Chancroid prevalence has declined in the United States (141). When infection does occur, it is usually associated with sporadic outbreaks. Worldwide, chancroid appears to have decreased as well, although infection might still occur in certain Africa regions and the Caribbean. Chancroid is a risk factor in HIV transmission and acquisition (197).
A definitive diagnosis of chancroid requires identifying H. ducreyi on special culture media that is not widely available from commercial sources; even when these media are used, sensitivity is <80% (427). No FDA-cleared NAAT for H. ducreyi is available in the United States; however, such testing can be performed by clinical laboratories that have developed their own NAAT and have conducted CLIA verification studies on genital specimens.
The combination of one or more deep and painful genital ulcers and tender suppurative inguinal adenopathy indicates the chancroid diagnosis; inguinal lymphadenitis typically occurs in <50% of cases (428). For both clinical and surveillance purposes, a probable diagnosis of chancroid can be made if all of the following four criteria are met: 1) the patient has one or more painful genital ulcers; 2) the clinical presentation, appearance of genital ulcers and, if present, regional lymphadenopathy are typical for chancroid; 3) the patient has no evidence of T. pallidum infection by darkfield examination or NAAT (i.e., ulcer exudate or serous fluid) or by serologic tests for syphilis performed at least 7–14 days after onset of ulcers; and 4) HSV-1 or HSV-2 NAAT or HSV culture performed on the ulcer exudate or fluid are negative.
Successful antimicrobial treatment for chancroid cures the infection, resolves the clinical symptoms, and prevents transmission to others. In advanced cases, genital scarring and rectal or urogenital fistulas from suppurative buboes can result despite successful therapy.
Azithromycin 1 gm orally in a single dose
Ceftriaxone 250 mg IM in a single dose
Ciprofloxacin 500 mg orally 2 times/day for 3 days
Erythromycin base 500 mg orally 3 times/day for 7 days
Azithromycin and ceftriaxone offer the advantage of single-dose therapy (429). Worldwide, several isolates with intermediate resistance to either ciprofloxacin or erythromycin have been reported. However, because cultures are not routinely performed, and chancroid is uncommon, data are limited regarding prevalence of H. ducreyi antimicrobial resistance.
Other Management Considerations
Men who are uncircumcised and persons with HIV infection do not respond as well to treatment as persons who are circumcised or are HIV negative (430). Patients should be tested for HIV at the time chancroid is diagnosed. If the initial HIV test results were negative, the provider can consider the benefits of offering more frequent testing and HIV PrEP to persons at increased risk for HIV infection.
Patients should be reexamined 3–7 days after therapy initiation. If treatment is successful, ulcers usually improve symptomatically within 3 days and objectively within 7 days after therapy. If no clinical improvement is evident, the clinician should consider whether the diagnosis is correct, another STI is present, the patient has HIV infection, the treatment was not used as instructed, or the H. ducreyi strain causing the infection is resistant to the prescribed antimicrobial. The time required for complete healing depends on the size of the ulcer; large ulcers might require >2 weeks. In addition, healing can be slower for uncircumcised men who have ulcers under the foreskin. Clinical resolution of fluctuant lymphadenopathy is slower than that of ulcers and might require needle aspiration or incision and drainage, despite otherwise successful therapy. Although needle aspiration of buboes is a simpler procedure, incision and drainage might be preferred because of reduced need for subsequent drainage procedures.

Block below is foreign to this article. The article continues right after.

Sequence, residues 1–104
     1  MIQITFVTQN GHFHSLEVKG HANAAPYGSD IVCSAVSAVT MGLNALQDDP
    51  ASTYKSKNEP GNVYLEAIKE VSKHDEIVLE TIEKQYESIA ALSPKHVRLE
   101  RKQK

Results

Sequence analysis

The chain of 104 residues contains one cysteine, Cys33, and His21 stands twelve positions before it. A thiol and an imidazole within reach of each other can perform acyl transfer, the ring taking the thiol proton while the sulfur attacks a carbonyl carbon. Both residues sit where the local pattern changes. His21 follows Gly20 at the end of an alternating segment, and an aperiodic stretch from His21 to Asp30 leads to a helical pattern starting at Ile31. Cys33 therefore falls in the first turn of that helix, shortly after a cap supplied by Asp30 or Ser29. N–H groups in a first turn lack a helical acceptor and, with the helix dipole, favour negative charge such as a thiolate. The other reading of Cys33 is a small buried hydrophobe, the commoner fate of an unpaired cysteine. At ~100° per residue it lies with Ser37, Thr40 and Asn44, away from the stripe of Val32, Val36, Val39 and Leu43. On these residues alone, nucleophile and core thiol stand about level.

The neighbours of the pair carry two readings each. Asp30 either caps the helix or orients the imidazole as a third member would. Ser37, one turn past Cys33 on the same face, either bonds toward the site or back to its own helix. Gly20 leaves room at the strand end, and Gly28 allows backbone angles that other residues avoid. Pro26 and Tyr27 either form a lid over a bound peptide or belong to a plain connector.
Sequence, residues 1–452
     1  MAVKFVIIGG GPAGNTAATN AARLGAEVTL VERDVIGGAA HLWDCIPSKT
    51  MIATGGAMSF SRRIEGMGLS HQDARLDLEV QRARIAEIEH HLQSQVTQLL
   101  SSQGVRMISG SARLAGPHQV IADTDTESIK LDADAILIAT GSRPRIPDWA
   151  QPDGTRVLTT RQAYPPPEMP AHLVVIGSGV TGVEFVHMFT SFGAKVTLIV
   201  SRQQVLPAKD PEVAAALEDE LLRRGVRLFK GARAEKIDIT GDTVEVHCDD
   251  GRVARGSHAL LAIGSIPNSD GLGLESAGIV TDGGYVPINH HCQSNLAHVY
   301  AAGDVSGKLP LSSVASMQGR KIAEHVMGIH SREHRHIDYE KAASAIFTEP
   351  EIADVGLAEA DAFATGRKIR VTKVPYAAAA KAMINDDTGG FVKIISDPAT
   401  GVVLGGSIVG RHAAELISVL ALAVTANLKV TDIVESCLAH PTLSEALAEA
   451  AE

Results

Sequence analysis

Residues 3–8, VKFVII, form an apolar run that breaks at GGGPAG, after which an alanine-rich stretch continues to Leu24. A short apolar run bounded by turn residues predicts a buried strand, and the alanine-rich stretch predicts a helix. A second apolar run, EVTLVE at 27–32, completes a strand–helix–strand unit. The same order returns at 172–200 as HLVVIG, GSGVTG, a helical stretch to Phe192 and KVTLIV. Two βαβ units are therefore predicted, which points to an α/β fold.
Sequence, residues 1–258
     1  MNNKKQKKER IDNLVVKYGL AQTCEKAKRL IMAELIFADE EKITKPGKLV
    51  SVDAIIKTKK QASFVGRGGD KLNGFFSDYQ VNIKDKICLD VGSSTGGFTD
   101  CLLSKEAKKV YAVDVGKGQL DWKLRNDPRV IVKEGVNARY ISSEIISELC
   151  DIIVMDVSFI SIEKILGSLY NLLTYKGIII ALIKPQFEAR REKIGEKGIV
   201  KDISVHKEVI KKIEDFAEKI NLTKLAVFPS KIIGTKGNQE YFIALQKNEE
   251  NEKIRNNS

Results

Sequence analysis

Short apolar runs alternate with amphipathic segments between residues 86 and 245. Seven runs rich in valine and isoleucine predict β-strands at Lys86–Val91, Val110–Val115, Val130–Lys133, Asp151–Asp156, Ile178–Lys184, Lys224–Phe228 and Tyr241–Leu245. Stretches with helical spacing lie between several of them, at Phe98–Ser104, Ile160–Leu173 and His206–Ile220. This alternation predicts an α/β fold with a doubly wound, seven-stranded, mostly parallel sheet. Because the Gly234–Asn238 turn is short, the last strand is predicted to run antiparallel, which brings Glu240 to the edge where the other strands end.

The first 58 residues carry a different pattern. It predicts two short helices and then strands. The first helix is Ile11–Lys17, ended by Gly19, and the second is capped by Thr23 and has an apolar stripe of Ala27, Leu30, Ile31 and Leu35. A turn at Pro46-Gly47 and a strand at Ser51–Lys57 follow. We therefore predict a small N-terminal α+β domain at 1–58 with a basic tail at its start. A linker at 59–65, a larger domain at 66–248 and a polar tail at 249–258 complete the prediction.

Management of Sex Partners
Regardless of whether disease symptoms are present, sex partners of patients with chancroid should be examined and treated if they had sexual contact with the patient during the 10 days preceding the patient’s symptom onset.
Data indicate ciprofloxacin presents a low risk to the fetus during pregnancy but has potential for toxicity during breastfeeding (431). Alternative drugs should be used if the patient is pregnant or lactating. No adverse effects of chancroid on pregnancy outcome have been reported.
Persons with HIV infection who have chancroid infection should be monitored closely because they are more likely to experience chancroid treatment failure and to have ulcers that heal slowly (430,432). Persons with HIV might require repeated or longer courses of therapy, and treatment failures can occur with any regimen. Data are limited concerning the therapeutic efficacy of the recommended single-dose azithromycin and ceftriaxone regimens among persons with HIV infection.
Because sexual contact is the major primary transmission route among U.S. patients, diagnosis of chancroid ulcers among infants and children, especially in the genital or perineal region, is highly suspicious of sexual abuse. However, H. ducreyi is recognized as a major cause of nonsexually transmitted cutaneous ulcers among children in tropical regions and, specifically, countries where yaws is endemic (433–435). Acquisition of a lower-extremity ulcer attributable to H. ducreyi in a child without genital ulcers and reported travel to a region where yaws is endemic should not be considered evidence of sexual abuse.